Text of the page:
Mako sharks now satellite navigation equippedApr 10, 2013
Guy Harvey Research Institute
Satellite navigation is now so widespread that even sharks are adopting it. In March a group of researchers and volunteers from the Guy Harvey Research Institute at Nova Southeastern University tagged shortfin mako sharks off Isla Mujeres, Mexico. The satellite nav capability wasn't for the sharks to navigate, of course, but for researchers to track the movements and migration patterns of these sharks, which are experiencing population declines due to fishing pressure. Makos are sought for their fins and meat.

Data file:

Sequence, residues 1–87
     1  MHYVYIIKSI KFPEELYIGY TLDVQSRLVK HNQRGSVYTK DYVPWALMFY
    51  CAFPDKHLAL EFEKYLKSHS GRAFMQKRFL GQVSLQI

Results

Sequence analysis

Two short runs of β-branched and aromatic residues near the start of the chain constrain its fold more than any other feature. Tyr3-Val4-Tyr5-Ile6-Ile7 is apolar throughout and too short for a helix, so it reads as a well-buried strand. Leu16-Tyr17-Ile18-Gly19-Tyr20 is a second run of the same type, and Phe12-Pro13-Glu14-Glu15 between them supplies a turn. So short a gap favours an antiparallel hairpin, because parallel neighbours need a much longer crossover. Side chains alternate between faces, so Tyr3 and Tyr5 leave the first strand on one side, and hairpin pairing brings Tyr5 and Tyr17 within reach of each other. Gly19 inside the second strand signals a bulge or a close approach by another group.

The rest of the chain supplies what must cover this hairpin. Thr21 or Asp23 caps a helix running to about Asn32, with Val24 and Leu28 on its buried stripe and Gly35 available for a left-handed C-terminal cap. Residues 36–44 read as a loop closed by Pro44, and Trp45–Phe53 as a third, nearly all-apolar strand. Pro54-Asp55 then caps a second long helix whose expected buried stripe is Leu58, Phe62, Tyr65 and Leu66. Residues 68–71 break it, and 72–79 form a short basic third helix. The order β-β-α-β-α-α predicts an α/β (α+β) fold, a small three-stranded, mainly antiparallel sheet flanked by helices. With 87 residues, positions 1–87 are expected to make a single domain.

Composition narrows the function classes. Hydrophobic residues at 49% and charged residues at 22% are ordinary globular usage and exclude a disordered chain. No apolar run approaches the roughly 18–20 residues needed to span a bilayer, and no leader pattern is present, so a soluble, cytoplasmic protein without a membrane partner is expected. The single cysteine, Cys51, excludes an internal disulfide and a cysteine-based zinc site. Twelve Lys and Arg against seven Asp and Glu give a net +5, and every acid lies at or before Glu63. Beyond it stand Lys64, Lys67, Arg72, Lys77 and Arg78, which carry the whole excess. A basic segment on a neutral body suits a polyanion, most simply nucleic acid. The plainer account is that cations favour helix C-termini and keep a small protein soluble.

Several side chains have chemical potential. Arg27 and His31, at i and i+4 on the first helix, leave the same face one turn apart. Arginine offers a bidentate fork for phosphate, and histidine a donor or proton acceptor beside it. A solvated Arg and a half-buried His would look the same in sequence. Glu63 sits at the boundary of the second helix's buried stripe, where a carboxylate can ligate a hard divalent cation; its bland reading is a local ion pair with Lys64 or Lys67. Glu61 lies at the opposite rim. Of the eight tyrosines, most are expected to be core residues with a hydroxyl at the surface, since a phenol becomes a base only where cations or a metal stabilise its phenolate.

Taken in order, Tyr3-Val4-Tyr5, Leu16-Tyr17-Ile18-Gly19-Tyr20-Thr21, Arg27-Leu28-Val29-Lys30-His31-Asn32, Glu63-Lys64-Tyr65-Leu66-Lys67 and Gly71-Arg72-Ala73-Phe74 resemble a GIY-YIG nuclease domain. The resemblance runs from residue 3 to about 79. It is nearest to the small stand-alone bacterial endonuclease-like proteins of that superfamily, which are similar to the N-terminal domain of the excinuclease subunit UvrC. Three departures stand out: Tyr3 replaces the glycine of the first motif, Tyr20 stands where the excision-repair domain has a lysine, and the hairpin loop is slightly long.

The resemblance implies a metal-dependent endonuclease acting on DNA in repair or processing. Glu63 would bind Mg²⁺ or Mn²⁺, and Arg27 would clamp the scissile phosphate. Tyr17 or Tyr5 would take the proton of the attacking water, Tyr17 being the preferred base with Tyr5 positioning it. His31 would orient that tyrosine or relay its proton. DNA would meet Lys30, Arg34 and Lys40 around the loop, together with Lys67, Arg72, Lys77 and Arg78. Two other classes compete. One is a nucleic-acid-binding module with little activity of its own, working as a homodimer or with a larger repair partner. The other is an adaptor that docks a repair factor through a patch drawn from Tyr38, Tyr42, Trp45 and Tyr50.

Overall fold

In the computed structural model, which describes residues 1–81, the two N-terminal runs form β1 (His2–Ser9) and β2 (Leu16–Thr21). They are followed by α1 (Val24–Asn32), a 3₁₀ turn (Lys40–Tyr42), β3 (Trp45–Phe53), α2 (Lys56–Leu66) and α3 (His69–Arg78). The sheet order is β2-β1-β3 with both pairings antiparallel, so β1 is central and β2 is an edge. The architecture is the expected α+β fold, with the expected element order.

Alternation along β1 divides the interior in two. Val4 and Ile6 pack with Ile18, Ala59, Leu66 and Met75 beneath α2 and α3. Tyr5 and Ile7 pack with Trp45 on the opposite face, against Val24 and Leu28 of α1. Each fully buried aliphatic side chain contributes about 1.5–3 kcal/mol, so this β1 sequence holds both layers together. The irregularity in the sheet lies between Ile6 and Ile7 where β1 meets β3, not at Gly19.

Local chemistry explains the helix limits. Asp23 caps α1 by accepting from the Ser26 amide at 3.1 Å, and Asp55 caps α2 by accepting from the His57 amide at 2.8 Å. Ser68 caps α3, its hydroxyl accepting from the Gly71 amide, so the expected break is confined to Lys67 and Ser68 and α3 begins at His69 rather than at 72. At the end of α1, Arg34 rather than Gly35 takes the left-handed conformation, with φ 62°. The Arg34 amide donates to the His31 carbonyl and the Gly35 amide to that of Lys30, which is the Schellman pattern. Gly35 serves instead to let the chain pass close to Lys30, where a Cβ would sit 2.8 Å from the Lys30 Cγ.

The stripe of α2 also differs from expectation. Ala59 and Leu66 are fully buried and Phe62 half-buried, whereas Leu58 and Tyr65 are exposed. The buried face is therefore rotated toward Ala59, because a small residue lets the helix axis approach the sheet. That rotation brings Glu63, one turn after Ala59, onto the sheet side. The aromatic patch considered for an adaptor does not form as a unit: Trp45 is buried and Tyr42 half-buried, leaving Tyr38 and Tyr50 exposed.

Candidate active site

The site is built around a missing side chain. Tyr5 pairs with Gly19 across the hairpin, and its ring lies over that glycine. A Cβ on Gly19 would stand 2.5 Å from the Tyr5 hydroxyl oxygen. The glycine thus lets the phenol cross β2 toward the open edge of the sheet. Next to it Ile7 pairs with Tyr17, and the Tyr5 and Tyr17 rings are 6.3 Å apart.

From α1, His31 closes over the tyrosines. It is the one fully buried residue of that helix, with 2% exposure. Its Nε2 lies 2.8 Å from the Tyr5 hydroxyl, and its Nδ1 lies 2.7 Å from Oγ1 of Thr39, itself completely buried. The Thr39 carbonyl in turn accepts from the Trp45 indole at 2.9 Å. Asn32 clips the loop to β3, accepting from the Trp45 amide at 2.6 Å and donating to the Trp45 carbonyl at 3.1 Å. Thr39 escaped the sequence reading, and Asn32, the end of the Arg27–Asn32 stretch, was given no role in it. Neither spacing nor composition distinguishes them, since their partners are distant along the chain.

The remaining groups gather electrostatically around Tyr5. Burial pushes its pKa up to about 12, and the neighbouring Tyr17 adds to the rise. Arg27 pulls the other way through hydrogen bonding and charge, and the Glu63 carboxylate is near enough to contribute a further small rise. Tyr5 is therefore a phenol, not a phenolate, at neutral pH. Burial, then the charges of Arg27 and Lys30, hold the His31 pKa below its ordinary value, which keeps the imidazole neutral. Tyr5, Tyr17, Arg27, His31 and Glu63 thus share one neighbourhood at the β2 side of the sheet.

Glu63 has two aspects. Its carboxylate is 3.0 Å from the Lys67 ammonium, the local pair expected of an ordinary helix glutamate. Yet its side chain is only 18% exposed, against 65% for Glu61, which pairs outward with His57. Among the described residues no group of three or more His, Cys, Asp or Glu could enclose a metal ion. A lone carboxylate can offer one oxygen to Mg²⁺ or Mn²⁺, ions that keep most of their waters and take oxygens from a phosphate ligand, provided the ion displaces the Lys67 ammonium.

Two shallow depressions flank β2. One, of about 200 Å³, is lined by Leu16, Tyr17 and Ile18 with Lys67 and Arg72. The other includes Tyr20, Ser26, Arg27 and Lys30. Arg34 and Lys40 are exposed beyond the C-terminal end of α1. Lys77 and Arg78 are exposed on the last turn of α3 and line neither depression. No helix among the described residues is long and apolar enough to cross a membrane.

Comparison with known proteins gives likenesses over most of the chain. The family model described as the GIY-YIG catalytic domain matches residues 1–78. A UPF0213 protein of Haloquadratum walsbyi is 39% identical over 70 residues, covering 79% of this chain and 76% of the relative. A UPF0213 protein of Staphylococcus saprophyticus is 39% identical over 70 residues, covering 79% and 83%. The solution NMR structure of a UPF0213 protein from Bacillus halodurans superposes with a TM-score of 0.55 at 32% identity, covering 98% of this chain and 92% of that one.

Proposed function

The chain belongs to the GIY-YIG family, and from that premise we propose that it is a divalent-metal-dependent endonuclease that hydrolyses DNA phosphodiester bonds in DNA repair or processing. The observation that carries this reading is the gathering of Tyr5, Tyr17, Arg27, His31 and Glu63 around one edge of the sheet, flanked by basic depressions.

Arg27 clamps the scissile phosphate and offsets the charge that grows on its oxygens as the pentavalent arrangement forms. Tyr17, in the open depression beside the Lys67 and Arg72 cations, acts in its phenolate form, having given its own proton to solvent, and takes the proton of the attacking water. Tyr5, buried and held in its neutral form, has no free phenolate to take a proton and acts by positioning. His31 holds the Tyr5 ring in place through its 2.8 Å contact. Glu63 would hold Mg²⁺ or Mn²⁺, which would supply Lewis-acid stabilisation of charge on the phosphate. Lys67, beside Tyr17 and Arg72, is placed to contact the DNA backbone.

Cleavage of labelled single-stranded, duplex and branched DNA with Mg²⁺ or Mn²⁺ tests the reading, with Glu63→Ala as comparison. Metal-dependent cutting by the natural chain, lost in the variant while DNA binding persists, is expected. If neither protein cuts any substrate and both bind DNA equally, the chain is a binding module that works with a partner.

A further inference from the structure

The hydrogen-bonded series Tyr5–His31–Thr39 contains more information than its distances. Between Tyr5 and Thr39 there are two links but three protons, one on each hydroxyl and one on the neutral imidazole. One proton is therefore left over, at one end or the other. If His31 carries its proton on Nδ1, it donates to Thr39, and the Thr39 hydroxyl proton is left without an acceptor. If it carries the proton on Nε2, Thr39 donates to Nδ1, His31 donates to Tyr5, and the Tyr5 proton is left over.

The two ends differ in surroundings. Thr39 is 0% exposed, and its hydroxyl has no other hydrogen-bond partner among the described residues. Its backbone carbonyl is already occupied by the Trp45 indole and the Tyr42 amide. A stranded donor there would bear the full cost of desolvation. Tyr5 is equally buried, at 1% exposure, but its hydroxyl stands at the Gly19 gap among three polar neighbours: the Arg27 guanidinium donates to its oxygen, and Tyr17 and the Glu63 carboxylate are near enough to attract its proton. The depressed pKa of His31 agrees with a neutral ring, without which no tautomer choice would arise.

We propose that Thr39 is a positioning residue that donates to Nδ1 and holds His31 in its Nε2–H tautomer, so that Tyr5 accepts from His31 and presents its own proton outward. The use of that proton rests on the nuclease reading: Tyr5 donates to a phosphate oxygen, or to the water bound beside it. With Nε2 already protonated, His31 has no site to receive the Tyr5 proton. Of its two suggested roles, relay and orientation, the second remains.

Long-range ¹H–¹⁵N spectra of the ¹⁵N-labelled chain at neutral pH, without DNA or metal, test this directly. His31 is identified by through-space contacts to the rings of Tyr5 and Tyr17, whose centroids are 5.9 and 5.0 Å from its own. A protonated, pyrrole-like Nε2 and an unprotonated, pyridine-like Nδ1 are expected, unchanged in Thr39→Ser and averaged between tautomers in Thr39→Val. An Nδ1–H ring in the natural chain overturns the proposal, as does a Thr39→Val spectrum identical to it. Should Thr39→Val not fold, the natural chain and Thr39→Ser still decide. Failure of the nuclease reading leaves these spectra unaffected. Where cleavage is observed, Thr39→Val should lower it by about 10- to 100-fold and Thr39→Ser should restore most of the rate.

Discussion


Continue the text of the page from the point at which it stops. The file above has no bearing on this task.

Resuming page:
A shortfin mako that was tagged last year off New Zealand in another tagging effort shows that these animals cover large distances in their movements through the ocean. Tracking data showed that the New Zealand shark covered almost 9,500 miles during the course of ten months — true ocean voyagers!
"We hope to replicate the tremendous success of our New Zealand research in the Atlantic," said Dr. Guy Harvey. "Now we have a new group of Atlantic makos to follow which should reveal much new information on their seasonal movements in our part of the world, including the route that they take and distances traveled."
The sharks were tagged with tracking devices called SPOT Tags, manufactured by a company called Wildlife Computers.